- You can now temporarily disable a website without deleting it – the button is near the bottom of the “Web” page.
- And, of course, the normal set of minor tweaks, bugfixes, and the like.
EU migrations are now live!
In brief: if you have an account on
www.pythonanywhere.com you can have it
eu.pythonanywhere.com – just let us know via email to email@example.com.
If you’d like to know more about what that means, read on…
Our new CPU API
We received many requests from PythonAnywhere users to make it possible to programmatically monitor
usage of CPU credit, so we decided to add a new endpoint to our
Using our file API
Our API supports lots of common
PythonAnywhere operations, like creating and managing consoles, scheduled and
always-on tasks, and websites. We recently added support for reading/writing
files; this blog post gives a brief overview of how you can use it to do that.
System update on 26 June
Our system update on 26 June went pretty smoothly :-) There were a number of useful changes:
- Our API now supports uploading, downloading and listing files in your private file storage. There is another blog post about this.
- We now have an official system in place to migrate your MySQL data between database servers, which means that if you’re on an older version, we can move you over to 5.7. Let us know if you’re interested!
- Our system for migrating user accounts from our US-based system at
www.pythonanywhere.com to our EU-based one at
eu.pythonanywhere.com is almost finished – just a few final bugs to work out. We’ll post about this again when it’s ready to go live. Update: it’s now live.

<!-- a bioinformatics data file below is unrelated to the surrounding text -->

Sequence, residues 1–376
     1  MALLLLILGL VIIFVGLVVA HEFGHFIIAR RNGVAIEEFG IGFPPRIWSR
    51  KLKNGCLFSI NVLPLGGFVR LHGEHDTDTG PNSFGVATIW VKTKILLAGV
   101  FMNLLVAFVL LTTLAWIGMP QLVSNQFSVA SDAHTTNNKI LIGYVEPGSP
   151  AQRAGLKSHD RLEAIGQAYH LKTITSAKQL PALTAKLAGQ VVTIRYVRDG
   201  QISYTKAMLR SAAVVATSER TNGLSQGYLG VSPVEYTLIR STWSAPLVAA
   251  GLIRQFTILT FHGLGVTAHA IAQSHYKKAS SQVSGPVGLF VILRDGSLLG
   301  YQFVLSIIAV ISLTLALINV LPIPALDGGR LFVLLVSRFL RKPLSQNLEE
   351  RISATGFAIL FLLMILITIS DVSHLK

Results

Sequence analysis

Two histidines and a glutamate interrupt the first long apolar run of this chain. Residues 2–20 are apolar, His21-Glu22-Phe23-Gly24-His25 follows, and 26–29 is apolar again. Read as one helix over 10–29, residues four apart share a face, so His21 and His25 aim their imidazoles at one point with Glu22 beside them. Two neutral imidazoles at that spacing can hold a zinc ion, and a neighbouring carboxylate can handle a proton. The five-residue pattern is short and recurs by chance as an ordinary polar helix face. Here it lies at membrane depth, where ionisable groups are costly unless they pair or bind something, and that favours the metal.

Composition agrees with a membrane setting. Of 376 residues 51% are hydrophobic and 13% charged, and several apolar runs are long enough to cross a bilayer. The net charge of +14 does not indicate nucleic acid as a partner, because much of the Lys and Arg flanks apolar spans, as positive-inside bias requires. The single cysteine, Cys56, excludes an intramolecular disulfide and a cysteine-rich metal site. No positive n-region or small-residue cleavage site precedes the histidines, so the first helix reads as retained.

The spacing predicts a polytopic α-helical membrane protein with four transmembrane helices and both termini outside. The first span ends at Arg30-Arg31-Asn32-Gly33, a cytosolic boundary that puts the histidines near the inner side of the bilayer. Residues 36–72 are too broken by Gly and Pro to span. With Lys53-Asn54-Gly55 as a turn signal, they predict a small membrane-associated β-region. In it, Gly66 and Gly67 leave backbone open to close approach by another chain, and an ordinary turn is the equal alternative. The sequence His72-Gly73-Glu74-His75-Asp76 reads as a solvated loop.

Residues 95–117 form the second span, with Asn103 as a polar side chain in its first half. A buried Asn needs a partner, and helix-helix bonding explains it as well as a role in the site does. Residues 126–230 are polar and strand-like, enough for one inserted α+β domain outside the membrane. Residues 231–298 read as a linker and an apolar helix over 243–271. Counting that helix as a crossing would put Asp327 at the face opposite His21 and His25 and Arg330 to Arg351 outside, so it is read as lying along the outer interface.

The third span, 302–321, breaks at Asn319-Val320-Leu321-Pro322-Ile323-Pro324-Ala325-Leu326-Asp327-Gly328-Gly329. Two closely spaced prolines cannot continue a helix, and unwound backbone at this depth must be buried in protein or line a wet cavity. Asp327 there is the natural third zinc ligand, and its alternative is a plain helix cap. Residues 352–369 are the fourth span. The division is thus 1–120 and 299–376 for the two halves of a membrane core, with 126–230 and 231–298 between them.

We also pushed a number of bugfixes:
- A number of issues which meant that always-on tasks could lose access to the network have been fixed.
- Previously, if you tried to change the command for an always-on task that was disabled, you’d get an error – this has been addressed.
- Some HTTP libraries (which seem particularly common on IoT devices) put the port number in the host header on requests (eg. they send
www.somedomain.com:80 rather than
www.somedomain.com). This is perfectly valid HTTP, albeit uncommon, but our system failed to parse them correctly and would respond with a 404 error. We’ve fixed that.
There were also a whole bunch of minor UI tweaks and the like.
Right now we’re working on making sure that our billing system supports the Strong Customer Authentication (SCA) regulations that will come into force for all payments from European credit/debit cards this September; hopefully we can make this as seamless as possible for you.
Using MongoDB on PythonAnywhere with MongoDB Atlas
This requires a paid PythonAnywhere account
Lots of people want to use MongoDB with PythonAnywhere; we don’t have support for it
built in to the system, but it’s actually pretty easy to use with a database provided by
MongoDB Atlas – and as Atlas is a cloud service provided by Mongo’s creators, it’s
probably a good option anyway :-)
If you’re experienced with MongoDB and Atlas, then
our help page
has all of the details you need for connecting to them from our systems.
But if you’d just like to dip your toe in the water and find out what all of this
MongoDB stuff is about, this blog post explains step-by-step how to get started so that you can
try it out.